biodiversity lost at unprecedented rate
The rate at which biodiversity is being lost increases daily. Since 1970, the global animal population has reduced by 30%, mangrove forests and marine pastures by 20%, and living coral reefs by 40%, according to a recent joint report by the UN and the Cambridge University .
38% of all assessed species are under imminent threat, and of 15 indicators for biodiversity loss, 9 are still deteriorating, while only 2 are improving .
An EU-wide assessment of key species showed that only 17% were in a favourable conservation status despite protection .
Friends of the Earth International calls on all governments to not only comply with goals and targets they agreed upon under the UN Convention on Biological Diversity (CBD) but also to strengthen biodiversity policy, adopt ambitious targets at the global level, and start acting immediately.
2010 will not be remembered as the year when biodiversity loss was stopped, but it could be a turning point for biodiversity policy.
Friedrich Wulf, Friends of the Earth Europe's biodiversity expert said:
“Every human being is affected by biodiversity loss in one way or another. Biodiversity is critical for sustaining life on Earth. Communities that depend on forests and jungles, and their biodiversity, are already experiencing the destruction of their habitats and livelihoods due to biodiversity loss. These communities hold collective rights and traditional knowledge that must be respected.”.
Isaac Rojas, Friends of the Earth International forest and biodiversity program coordinator from Costa Rica, one of the most biodiverse countries in the world said:
“The structural causes of biodiversity loss must be addressed. If we don’t address the root causes, biodiversity and life on Earth will disappear at an even quicker rate. Biodiversity is being destroyed by the expansion of oil and mining developments, plantations and agribusiness projects.”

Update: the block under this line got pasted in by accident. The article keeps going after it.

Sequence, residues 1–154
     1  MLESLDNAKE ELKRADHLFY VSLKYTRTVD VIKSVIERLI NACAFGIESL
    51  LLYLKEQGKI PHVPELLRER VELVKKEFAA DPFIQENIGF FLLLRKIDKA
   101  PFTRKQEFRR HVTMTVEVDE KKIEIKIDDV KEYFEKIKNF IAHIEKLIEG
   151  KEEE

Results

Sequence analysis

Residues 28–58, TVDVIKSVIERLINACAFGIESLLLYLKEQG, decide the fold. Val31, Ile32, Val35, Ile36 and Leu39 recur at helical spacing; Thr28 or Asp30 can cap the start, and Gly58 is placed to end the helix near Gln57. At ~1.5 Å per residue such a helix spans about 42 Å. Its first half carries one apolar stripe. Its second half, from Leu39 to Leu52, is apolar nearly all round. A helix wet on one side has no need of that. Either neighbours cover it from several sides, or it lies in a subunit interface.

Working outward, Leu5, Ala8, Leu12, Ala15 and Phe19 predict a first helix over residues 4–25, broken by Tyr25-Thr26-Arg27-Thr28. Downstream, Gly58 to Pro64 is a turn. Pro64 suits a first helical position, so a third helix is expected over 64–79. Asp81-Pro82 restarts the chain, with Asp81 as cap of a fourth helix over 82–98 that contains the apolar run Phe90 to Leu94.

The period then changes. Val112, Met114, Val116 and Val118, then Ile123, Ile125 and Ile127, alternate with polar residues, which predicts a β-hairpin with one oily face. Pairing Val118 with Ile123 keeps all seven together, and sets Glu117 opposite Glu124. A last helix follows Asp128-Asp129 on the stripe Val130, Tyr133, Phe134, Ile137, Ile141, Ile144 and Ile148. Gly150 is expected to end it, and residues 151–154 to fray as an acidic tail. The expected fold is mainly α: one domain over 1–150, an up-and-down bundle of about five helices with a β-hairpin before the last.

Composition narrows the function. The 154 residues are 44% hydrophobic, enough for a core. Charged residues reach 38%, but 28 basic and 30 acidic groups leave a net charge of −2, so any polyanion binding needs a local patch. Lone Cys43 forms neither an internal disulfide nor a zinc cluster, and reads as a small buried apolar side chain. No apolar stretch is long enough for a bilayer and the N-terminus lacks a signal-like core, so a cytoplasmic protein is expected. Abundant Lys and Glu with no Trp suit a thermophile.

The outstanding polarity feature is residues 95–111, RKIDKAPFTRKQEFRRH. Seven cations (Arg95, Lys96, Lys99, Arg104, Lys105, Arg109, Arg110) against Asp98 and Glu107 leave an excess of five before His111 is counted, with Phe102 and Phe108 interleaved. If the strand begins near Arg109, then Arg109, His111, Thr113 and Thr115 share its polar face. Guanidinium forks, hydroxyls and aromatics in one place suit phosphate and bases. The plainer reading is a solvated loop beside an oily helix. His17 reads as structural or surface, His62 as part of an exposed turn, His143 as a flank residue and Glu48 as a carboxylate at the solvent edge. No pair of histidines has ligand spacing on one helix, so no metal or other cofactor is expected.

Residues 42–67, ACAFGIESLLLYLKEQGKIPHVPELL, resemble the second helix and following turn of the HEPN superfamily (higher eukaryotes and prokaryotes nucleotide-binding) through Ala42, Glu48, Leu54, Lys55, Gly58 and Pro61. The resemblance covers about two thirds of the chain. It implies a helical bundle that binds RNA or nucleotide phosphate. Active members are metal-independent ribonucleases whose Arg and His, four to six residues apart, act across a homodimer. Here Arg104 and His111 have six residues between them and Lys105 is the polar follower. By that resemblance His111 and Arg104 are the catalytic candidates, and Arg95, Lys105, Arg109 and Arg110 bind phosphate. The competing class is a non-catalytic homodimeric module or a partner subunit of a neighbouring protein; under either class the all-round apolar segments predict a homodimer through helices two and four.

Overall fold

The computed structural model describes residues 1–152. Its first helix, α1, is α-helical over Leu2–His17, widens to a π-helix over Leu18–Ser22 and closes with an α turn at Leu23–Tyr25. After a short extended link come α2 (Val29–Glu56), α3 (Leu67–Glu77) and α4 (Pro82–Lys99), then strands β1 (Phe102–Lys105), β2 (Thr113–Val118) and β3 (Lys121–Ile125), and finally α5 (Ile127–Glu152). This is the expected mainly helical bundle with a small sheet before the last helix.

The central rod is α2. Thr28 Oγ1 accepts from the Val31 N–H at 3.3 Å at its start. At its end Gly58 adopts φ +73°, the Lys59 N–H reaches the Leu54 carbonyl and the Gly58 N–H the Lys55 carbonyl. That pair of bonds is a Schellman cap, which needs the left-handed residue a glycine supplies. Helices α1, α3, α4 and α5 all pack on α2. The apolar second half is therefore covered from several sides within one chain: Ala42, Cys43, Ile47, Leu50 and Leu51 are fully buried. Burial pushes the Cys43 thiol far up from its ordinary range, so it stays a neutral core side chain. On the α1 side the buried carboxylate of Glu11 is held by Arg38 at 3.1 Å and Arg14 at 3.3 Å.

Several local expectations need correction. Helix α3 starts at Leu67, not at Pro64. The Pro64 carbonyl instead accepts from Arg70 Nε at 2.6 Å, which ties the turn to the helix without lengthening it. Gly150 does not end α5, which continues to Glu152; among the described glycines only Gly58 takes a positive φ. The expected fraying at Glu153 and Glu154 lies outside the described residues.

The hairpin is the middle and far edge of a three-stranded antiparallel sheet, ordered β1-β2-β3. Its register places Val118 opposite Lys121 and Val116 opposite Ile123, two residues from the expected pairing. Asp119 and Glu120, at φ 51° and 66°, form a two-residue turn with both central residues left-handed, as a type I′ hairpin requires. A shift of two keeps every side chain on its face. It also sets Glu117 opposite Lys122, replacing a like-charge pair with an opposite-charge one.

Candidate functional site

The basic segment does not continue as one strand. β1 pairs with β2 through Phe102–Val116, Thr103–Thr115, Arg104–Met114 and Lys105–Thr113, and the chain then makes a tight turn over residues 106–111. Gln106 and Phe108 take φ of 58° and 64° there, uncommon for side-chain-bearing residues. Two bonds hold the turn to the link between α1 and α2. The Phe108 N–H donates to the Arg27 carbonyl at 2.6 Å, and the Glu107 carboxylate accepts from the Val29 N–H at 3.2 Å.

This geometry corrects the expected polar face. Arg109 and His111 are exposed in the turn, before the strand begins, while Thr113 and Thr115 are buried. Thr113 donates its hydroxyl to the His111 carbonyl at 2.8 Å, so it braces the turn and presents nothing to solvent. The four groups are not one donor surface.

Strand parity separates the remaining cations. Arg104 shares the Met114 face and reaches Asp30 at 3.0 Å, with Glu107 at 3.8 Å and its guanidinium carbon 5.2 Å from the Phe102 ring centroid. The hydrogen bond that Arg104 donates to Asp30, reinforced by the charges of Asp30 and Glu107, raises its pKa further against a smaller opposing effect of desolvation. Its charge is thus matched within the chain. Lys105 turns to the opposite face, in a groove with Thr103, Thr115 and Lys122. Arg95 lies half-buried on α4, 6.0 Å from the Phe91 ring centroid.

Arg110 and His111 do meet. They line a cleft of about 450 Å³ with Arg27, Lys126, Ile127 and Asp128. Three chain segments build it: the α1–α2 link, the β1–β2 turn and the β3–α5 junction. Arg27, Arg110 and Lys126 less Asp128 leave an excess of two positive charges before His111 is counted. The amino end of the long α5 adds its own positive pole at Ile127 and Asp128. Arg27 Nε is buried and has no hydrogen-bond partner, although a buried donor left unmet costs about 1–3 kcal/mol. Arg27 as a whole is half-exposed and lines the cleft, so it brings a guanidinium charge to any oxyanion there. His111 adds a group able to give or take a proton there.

“At the same time free trade and investment agreements and market based mechanisms as well as the WTO and some UN bodies help multinational corporations to privatize biodiversity for their own profits. This process contributes to biodiversity loss and is a real threat to rural and indigenous communities as they loose their natural resources.”
“In my country, Costa Rica, President Arias scandalously declared gold-mining a public-interest activity, at the expense of biodiversity. Destructive businesses such as large scale mining have severe impacts on people and biodiversity and should be opposed,” added Isaac Rojas.
FOR MORE INFORMATION CONTACT
Isaac Rojas, Friends of the Earth International Forest and Biodiversity Program coordinator – Email: email@example.com or Tel: + 598 2604 2840 or + 598 9962 1591
Friedrich Wulf, Friends of the Earth Europe Head of International Biodiversity Policy– Tel: +41 613 179 242 or +49 176 853 22510 (mobile)
 Information on this report is available here
 This report – Global biodiversity outlook 3 - is available at: http://www.cbd.int/doc/publications/gbo/gbo3-final-en.pdf
 This report is available at http://ec.europa.eu/environment/nature/knowledge/rep_habitats/docs/com_2009_358_en.pdf